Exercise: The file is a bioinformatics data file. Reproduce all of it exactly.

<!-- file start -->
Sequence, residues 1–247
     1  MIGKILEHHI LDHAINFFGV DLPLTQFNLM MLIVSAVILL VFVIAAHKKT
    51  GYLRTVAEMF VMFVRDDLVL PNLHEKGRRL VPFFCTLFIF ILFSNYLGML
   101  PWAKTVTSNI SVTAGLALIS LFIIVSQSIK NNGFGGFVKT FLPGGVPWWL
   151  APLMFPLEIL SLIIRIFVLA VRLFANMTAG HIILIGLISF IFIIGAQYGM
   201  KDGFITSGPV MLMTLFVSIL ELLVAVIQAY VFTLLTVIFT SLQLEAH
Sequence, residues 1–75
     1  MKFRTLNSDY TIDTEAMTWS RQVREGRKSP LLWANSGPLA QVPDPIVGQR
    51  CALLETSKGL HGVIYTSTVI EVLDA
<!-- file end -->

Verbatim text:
Sequence, residues 1–247
     1  MIGKILEHHI LDHAINFFGV DLPLTQFNLM MLIVSAVILL VFVIAAHKKT
    51  GYLRTVAEMF VMFVRDDLVL PNLHEKGRRL VPFFCTLFIF ILFSNYLGML
   101  PWAKTVTSNI SVTAGLALIS LFIIVSQSIK NNGFGGFVKT FLPGGVPWWL
   151  APLMFPLEIL SLIIRIFVLA VRLFANMTAG HIILIGLISF IFIIGAQYGM
   201  KDGFITSGPV MLMTLFVSIL ELLVAVIQAY VFTLLTVIFT SLQLEAH
Sequence, residues 1–75
     1  MKFRTLNSDY TIDTEAMTWS RQVREGRKSP LLWANSGPLA QVPDPIVGQR
    51  CALLETSKGL HGVIYTSTVI EVLDA